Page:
NAVSTAR 2 image First GPS Navstar satellite to go on display

The first GPS Navstar satellite is to go on display in the Time and Navigation exhibit at the Smithsonian National Air and Space Museum in Washington, D.C. this month.

The first GPS Navstar satellite is to go on display in the Time and Navigation exhibit at the Smithsonian National Air and Space Museum in Washington, D.C. this month.

 
The satellite, dubbed NTS-2, was the first satellite designed and built by NRL with funding from the GPS Joint Program. It was launched on 23 June, 1977 on an Atlas E/F rocket, and it became the first of four satellites coupled together to demonstrate the power of instantaneous navigation positioning.
 
NTS-2 was the first demonstration satellite as part of a constellation of sallites operated by the Navstar GPS Joint Program Office in Los Angeles, California. The technology, developed by Roger L. Easton, laid the foundations for modern GPS, which many of us take for granted.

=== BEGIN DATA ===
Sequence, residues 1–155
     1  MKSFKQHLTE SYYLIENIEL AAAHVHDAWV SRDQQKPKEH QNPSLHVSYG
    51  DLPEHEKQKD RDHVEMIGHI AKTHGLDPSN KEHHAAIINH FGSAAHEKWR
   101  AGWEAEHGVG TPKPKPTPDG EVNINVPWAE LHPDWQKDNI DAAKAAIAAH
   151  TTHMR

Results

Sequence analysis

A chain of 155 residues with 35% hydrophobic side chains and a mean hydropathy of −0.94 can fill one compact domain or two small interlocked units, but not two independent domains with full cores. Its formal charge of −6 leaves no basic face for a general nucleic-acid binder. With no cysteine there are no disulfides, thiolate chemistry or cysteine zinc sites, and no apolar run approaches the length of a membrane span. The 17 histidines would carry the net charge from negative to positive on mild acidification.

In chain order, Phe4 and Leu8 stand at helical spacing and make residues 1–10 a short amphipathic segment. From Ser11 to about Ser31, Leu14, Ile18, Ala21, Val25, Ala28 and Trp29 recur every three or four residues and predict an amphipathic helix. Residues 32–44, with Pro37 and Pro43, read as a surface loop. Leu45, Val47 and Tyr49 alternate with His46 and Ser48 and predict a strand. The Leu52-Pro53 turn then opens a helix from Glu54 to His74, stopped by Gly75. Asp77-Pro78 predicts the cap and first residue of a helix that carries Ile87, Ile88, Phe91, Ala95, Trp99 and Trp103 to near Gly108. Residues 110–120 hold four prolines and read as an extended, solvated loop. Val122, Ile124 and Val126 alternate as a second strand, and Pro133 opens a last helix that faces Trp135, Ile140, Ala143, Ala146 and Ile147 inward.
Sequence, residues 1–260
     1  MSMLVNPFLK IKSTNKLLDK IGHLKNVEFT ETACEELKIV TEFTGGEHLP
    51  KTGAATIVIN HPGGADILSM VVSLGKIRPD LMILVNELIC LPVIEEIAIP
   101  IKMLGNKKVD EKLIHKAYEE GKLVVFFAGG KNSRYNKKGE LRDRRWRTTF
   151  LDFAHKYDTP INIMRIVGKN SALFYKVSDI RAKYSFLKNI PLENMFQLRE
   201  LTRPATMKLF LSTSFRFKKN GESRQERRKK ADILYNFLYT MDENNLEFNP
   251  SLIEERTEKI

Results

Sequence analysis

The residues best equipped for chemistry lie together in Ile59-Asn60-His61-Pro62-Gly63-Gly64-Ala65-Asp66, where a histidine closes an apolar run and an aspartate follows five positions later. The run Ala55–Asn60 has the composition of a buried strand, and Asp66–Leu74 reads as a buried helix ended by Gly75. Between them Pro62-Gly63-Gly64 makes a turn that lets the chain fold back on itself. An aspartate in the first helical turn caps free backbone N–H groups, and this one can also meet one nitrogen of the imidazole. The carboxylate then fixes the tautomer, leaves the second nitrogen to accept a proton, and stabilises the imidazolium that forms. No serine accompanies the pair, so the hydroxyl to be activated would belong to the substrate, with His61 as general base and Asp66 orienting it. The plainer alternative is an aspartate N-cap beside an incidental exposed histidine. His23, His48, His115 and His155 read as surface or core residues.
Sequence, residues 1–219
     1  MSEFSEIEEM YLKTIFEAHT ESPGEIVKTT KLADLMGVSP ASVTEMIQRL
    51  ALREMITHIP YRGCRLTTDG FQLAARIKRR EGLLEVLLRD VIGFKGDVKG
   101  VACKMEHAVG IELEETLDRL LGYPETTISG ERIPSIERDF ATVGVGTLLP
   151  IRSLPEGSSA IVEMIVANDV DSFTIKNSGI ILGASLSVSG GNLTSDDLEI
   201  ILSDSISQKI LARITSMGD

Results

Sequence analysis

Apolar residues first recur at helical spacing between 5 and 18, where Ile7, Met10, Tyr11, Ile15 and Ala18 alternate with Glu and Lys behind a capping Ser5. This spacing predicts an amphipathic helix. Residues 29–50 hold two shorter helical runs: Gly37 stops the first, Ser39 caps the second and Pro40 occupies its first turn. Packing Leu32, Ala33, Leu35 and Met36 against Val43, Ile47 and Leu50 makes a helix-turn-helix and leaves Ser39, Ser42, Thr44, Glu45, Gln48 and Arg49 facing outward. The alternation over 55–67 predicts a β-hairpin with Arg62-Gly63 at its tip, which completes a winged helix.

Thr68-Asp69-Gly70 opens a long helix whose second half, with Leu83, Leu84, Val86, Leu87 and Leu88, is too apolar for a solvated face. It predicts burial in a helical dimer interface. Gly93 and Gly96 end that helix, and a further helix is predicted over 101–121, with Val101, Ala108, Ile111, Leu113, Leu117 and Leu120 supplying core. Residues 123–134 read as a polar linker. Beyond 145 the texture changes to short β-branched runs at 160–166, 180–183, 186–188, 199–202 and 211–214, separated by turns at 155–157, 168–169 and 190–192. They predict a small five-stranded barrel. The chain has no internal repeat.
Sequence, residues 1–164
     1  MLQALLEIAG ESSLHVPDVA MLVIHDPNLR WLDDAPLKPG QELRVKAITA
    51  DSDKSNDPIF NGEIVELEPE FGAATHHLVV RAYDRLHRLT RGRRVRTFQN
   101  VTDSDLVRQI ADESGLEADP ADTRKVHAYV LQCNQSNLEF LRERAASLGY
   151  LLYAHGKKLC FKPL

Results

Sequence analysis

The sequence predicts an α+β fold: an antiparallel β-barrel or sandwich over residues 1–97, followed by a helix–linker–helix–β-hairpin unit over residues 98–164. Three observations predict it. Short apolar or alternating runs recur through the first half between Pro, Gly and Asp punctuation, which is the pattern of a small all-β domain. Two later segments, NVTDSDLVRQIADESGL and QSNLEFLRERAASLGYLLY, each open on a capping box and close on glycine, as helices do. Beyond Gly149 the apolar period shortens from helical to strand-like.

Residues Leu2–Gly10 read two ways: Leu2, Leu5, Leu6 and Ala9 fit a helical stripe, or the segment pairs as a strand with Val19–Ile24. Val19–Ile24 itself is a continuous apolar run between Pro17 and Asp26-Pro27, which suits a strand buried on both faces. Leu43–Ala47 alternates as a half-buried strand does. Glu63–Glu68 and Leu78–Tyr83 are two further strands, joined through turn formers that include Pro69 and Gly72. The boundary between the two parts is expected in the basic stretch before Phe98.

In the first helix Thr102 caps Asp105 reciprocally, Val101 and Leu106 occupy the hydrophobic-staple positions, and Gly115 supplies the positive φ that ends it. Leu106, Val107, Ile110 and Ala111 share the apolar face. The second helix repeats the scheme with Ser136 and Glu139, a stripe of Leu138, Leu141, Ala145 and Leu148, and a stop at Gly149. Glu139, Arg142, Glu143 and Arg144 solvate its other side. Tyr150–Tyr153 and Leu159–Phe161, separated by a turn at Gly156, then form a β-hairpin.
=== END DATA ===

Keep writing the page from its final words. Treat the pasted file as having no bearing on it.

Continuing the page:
NAVSTAR 2 image First GPS Navstar satellite to go on display
 
GPS was originally designed for military use, like many modern technologies, but it has become a pivotal means of civilian navigation, all the way from commercial aviation to popular smartphones. There are currently 32 GPS satellites orbiting the Earth.
 
The NTS-2 satellite did more than herald a new means of navigation, however. It was time measurements from this satellite that demonstrated Einstein's theory of relativity, which ultimately resulted in the need for a relativistic offset correction for all GPS satellites, a discovery that is still in use today.